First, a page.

19 Aug 2011

Why are we in such a rush to sit down?

No Comments ELECT, Infants, Physical
Infants (0-24 months)
Physical 

5.1 Gross Motor

Sitting

  • sitting without support
While the infant is straddling your extended leg, hold her arms and bounce her gently. 

This rhythmic movement strengthens the muscles and balance involved in sitting.

I’m going to jump ahead to the Physical domain for this post because of something that happened to me yesterday. I had stepped in as a substitute facilitator in a parenting group for women with young babies. My co-facilitator, who regularly leads the group, asked me to bring out a breastfeeding pillow and show one of the mothers how to prop her six month old infant into a sitting position. I knew where we kept the breastfeeding pillows, however, it occurred to me in that moment that I don’t actually know the best way to prop up an infant into a sitting position. I don’t know because I’ve never done it.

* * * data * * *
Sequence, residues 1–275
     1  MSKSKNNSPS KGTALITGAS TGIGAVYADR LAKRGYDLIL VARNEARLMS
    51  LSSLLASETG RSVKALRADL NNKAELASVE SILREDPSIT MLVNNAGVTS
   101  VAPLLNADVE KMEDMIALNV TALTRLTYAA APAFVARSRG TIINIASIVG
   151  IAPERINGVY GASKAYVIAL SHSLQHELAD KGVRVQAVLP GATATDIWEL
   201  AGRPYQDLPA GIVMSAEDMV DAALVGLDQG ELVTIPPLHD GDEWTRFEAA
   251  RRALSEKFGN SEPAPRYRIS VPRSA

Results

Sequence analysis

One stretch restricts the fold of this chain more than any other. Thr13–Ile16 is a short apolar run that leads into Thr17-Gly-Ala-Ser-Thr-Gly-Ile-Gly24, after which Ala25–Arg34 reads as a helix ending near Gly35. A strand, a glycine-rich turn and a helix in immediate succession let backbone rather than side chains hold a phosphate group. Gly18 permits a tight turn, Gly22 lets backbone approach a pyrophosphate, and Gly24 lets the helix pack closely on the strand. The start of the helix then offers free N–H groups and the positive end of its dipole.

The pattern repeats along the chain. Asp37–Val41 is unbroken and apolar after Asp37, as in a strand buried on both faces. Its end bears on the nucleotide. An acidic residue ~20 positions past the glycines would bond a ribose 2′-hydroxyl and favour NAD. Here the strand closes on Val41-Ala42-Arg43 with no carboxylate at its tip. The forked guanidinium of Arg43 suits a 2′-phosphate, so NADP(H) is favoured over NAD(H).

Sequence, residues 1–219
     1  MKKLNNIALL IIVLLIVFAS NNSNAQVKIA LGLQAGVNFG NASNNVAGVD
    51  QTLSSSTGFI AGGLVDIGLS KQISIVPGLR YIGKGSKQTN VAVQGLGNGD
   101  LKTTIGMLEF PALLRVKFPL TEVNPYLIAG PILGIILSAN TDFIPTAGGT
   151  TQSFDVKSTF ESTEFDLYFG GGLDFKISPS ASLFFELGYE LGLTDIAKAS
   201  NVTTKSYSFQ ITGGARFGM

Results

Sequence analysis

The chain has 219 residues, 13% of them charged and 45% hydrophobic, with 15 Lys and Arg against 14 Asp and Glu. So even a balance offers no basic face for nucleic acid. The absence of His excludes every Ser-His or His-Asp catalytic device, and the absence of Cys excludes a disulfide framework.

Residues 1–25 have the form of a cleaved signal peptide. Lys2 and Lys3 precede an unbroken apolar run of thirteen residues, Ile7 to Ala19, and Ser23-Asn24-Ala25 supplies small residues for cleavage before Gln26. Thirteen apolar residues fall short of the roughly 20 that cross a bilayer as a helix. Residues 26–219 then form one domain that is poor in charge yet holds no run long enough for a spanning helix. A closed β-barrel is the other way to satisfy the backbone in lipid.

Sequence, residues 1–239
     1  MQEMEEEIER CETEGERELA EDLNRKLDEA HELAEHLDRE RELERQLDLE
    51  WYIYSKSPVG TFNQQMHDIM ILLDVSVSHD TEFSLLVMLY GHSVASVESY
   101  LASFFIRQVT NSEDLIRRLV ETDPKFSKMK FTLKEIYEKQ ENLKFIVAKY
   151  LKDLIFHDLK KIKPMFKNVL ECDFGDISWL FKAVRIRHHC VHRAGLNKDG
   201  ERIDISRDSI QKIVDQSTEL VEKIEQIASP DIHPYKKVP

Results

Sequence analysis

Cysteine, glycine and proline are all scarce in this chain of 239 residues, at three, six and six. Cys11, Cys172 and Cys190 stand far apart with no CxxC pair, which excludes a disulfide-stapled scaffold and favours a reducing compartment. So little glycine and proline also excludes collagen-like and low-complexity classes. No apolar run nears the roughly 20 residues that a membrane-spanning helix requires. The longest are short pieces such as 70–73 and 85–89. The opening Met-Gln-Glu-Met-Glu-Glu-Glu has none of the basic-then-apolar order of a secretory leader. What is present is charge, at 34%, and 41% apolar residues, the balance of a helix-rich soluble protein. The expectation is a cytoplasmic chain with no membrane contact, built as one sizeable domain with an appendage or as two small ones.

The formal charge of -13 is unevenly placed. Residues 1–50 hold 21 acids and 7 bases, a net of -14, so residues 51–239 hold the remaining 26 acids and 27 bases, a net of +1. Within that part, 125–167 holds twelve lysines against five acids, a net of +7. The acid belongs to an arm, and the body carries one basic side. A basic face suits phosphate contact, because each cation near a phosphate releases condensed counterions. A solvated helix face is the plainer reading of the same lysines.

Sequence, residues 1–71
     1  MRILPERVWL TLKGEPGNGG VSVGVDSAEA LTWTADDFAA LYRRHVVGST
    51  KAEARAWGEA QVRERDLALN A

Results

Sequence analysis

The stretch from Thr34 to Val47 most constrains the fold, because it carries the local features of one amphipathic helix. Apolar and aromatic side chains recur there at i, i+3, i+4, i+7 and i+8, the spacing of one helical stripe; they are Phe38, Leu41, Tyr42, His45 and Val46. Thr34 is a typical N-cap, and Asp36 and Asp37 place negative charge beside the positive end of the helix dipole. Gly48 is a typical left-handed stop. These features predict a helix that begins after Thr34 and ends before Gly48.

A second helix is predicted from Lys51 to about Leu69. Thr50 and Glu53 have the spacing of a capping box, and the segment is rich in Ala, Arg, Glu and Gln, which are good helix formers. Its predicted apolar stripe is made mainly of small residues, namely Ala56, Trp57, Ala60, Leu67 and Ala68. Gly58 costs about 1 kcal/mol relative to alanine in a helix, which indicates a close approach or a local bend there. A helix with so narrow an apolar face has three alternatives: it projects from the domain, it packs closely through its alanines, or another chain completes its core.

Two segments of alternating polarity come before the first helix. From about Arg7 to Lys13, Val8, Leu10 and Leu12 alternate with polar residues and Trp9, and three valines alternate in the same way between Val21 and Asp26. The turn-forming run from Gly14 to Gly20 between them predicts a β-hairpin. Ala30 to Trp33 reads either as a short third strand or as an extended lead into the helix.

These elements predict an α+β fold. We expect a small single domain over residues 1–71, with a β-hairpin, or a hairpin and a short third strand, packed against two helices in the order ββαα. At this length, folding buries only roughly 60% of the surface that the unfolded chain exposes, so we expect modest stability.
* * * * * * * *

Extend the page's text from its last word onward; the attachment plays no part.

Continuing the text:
In my practice I’ve never felt the need to use a pillow or other supports to hold a child in any position “independently” when they aren’t able to get into that position on their own. They are going to sit eventually, so what’s the rush? Why do we create these artificial milestones that children are only able to achieve with adult intervention? The ability to sit supported no longer matters when the child is able to sit unsupported. In the ELECT the milestone is identified as “sitting without support” with no mention of sitting with support as either a skill or even a strategy to support the development of the skill. So unless a professional has instructed you to prop your infant into a sitting position as part of an early intervention, don’t do it. You don’t need to.

At times I wonder if young children, especially infants, feel like marionettes with adults pulling the strings and manipulating their movements. Infants are definitely willing and able to move around on their own. With ample opportunities for free movement and exploration, children will achieve developmental milestones on their own, in their own time. That’s why the ELECT uses only the most general age guidelines, so that we don’t try and enforce a timeline. It’s a continuum of development with each new milestone logically following the previous milestone; that’s how we were meant to develop.  Children will get there in their own time, no need to rush.

Photo by Honza Soukup (Flickr)

written by
A registered Early Childhood Educator and former President of the Halton Branch of the Association for Early Childhood Educators of Ontario.
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